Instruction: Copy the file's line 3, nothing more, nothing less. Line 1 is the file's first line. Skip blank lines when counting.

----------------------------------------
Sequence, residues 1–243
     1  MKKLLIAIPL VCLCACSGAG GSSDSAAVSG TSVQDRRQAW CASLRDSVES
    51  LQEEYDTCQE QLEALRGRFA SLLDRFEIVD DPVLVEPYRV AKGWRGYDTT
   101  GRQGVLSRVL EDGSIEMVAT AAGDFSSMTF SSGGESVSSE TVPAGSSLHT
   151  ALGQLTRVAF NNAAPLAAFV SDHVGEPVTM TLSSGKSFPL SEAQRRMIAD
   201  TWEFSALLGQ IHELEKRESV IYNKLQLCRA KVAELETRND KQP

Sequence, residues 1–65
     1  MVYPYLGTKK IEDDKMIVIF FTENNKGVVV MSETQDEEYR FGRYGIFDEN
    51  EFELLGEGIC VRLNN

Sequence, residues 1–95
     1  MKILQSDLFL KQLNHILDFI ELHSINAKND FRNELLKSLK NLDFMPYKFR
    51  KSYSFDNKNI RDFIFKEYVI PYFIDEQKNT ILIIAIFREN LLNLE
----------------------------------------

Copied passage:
    51  LQEEYDTCQE QLEALRGRFA SLLDRFEIVD DPVLVEPYRV AKGWRGYDTT